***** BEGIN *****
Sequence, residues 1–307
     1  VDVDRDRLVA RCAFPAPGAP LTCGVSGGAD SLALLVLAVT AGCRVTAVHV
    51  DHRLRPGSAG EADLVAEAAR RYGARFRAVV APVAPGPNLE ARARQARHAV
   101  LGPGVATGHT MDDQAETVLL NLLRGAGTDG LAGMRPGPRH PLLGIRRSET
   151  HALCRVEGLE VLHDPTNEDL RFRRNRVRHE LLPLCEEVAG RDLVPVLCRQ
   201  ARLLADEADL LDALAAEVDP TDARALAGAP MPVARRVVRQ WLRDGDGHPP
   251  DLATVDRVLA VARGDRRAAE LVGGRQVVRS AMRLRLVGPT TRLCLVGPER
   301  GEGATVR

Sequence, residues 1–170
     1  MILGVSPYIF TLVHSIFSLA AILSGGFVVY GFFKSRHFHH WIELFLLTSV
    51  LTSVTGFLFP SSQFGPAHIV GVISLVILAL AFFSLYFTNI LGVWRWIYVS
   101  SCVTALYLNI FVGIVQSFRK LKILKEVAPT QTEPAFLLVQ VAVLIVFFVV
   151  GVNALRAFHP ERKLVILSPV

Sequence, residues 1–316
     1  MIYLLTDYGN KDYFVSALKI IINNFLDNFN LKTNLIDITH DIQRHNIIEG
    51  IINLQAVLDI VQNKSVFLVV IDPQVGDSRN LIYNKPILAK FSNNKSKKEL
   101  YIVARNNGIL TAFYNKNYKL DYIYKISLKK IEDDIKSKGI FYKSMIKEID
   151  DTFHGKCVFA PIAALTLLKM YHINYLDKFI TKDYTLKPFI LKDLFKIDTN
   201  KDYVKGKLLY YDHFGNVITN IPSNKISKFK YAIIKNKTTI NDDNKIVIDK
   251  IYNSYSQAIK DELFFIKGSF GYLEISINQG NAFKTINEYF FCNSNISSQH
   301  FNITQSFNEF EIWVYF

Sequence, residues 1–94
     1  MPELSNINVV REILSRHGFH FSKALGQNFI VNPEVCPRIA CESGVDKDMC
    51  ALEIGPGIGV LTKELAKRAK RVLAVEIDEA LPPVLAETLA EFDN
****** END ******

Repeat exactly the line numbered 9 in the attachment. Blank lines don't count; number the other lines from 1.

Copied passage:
Sequence, residues 1–170